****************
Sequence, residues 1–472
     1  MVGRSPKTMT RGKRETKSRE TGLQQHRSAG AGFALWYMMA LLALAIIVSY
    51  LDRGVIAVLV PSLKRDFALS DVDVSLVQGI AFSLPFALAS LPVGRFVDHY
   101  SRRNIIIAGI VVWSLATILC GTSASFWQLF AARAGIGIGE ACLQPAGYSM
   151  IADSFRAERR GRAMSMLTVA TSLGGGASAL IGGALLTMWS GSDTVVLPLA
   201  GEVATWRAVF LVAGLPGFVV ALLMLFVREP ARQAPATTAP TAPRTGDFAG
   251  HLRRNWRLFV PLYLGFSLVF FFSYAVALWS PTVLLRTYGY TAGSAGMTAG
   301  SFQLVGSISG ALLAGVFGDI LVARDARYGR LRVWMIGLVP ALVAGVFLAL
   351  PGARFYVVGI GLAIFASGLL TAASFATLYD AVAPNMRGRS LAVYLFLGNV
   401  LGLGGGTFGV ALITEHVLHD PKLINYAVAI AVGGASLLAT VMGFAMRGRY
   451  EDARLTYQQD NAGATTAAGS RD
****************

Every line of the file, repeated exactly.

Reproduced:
Sequence, residues 1–472
     1  MVGRSPKTMT RGKRETKSRE TGLQQHRSAG AGFALWYMMA LLALAIIVSY
    51  LDRGVIAVLV PSLKRDFALS DVDVSLVQGI AFSLPFALAS LPVGRFVDHY
   101  SRRNIIIAGI VVWSLATILC GTSASFWQLF AARAGIGIGE ACLQPAGYSM
   151  IADSFRAERR GRAMSMLTVA TSLGGGASAL IGGALLTMWS GSDTVVLPLA
   201  GEVATWRAVF LVAGLPGFVV ALLMLFVREP ARQAPATTAP TAPRTGDFAG
   251  HLRRNWRLFV PLYLGFSLVF FFSYAVALWS PTVLLRTYGY TAGSAGMTAG
   301  SFQLVGSISG ALLAGVFGDI LVARDARYGR LRVWMIGLVP ALVAGVFLAL
   351  PGARFYVVGI GLAIFASGLL TAASFATLYD AVAPNMRGRS LAVYLFLGNV
   401  LGLGGGTFGV ALITEHVLHD PKLINYAVAI AVGGASLLAT VMGFAMRGRY
   451  EDARLTYQQD NAGATTAAGS RD